Disappointing G20 summit in Turkey
The current crisis in international relations is to some extent due to the lack of any worldwide governing body with consensual support The magnitude of the global challenges confronting mankind makes it impossible for nation states—not even the USA—to control a reality that they are no longer able to influence alone. We do, it is true, have the United Nations, but the UN is also a player plagued with huge deficiencies and contradictions. Founded in the wake of the Second World War with the aim of guaranteeing world order and security, the majority of the UN’s most important decisions are limited by the interests and visions of the members of the Security Council who hold the power of veto.
The G20, a world government?
Without a “central authority”, the term coined by political scientist Susan Kell, today we are closer to a global regulatory body than to a “world government” capable of solving all our problems. This regulatory body is, moreover, increasingly pluralised and fragmentary, since, in trying to tackle some of these problems, national players work together with a large number of non-governmental players such as NGOs, companies, think tanks, lobby groups, etc. Moreover, in contrast to the UN as major player, a substantial number of regional and subregional organisations, transnational alliances and platforms have arisen in a context that is inevitably multipolar due to the rise of certain countries such as China, India, Indonesia, Turkey and Brazil.
Against this background the G20 re-emerged in 2008 as a meeting place for the Heads of State and Government of the twenty most important industrial and newly-industrialised countries. First established in 1999 as an association of the finance ministers of the nineteen largest economic powers and the European Union, it was in the autumn of 2008, in the middle of the world financial crisis, when the G20 first became one of the main fora for international decisions. The intention was clear: to create a space where it was possible to get to grips with the serious turbulences rocking the world’s financial markets. Since then the forum has expanded its agenda to include areas such as climate change and growing global inequality.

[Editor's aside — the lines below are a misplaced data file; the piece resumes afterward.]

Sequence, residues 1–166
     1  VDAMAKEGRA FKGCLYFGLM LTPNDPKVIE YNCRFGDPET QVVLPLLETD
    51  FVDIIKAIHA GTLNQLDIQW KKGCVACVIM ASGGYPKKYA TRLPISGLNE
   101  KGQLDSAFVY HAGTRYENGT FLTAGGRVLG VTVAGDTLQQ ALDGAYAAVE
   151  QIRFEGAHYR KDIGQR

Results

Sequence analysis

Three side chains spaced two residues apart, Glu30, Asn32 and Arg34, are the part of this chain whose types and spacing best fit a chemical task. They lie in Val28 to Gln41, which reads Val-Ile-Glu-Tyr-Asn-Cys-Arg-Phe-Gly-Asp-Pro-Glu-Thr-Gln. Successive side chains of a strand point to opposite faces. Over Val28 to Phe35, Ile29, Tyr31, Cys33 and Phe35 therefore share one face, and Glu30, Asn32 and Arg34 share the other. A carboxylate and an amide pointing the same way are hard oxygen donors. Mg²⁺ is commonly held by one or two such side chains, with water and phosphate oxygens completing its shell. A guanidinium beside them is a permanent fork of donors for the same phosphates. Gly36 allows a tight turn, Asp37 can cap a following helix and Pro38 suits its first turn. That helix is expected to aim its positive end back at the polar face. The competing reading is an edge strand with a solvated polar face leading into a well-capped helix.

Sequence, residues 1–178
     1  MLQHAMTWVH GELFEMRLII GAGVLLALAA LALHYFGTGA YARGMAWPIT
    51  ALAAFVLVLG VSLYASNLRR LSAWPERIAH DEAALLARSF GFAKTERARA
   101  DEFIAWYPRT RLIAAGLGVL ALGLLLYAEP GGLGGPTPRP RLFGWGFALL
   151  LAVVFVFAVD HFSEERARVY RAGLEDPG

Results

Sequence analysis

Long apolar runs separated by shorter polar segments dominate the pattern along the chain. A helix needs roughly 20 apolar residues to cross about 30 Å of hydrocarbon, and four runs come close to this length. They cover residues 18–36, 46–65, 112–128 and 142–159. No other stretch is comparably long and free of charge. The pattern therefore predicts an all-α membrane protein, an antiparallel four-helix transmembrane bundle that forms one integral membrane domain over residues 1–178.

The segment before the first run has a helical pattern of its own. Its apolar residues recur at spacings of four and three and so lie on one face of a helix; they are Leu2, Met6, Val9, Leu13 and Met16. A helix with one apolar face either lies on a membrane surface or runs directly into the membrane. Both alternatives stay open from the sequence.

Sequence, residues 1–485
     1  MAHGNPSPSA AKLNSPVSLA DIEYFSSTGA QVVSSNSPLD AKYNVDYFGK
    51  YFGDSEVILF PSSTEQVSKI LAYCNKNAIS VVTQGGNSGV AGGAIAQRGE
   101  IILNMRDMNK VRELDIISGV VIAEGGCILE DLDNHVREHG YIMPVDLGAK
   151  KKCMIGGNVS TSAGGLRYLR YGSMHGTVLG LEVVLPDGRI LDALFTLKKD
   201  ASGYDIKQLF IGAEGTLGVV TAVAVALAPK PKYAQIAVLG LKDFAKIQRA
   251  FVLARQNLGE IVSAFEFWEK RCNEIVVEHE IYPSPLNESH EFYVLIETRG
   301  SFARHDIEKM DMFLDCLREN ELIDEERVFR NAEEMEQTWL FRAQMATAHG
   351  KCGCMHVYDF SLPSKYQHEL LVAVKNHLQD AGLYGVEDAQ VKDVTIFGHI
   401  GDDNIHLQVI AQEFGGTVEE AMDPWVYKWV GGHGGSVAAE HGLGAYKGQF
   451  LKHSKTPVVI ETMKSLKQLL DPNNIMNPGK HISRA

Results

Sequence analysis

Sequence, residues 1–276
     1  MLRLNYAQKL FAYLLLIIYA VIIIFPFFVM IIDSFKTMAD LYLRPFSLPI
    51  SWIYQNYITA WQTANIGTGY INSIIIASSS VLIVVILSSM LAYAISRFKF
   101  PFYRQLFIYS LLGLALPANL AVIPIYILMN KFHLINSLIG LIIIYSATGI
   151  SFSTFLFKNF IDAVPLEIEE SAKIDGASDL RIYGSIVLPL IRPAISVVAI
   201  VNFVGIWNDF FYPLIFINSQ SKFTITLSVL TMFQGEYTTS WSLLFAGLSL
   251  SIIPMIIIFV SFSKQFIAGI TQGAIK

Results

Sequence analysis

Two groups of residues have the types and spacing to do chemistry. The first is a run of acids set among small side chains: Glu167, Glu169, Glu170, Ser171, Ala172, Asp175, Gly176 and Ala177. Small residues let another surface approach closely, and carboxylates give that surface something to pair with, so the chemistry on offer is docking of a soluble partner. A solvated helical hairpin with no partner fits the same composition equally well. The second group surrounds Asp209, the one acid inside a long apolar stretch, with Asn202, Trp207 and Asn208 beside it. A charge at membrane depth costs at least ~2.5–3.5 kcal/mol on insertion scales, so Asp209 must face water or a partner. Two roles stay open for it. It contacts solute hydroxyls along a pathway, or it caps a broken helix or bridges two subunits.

No specific plan of action
In a way similar to that of the World Economic Forum which meets annually in Davos, the G20 will present its diagnosis of current problems and discover their extent. However, until now no G20 diagnosis has led to any specific plan of action, but only provided rhetorical statements, full of good intentions but full too of worrying contradictions. On the one hand, the issue of the serious environmental crisis is raised, while on the other hand, economic growth and development (albeit with the tag “sustainable”) are exalted as the most important objectives. The preoccupations of the G20 reflect a world which sees all problems through an economic prism. A wider perspective is urgently needed.
A new G20 summit was held on 15 and 16 November in Antalya, Turkey. As usual the meeting was set to discuss the topics proposed by the rotating presidency, currently the Turkish government. As on previous occasions, the focus was on economic growth and the creation of employment. It is true that in recent years, by creating working committees in subject areas such as gender or the future of young people, the G20 has managed to reshape its agenda so that it can go outside the economic straitjacket in order to consider a few of the most important social challenges of our time. Nevertheless, the final document emerging from the summit was again characterised by a generalised tone that was at heart essentially economic and highly rhetorical, and this still gives cause for concern. The talk is of “inclusive and sustainable growth”, but these are merely words. They may at least indicate awareness that problems exist, but both the knowledge and the will to find truly new solutions are still lacking.
Centro de Estudios Cristianismo y Justicia, Barcelona
Translated from the original text in German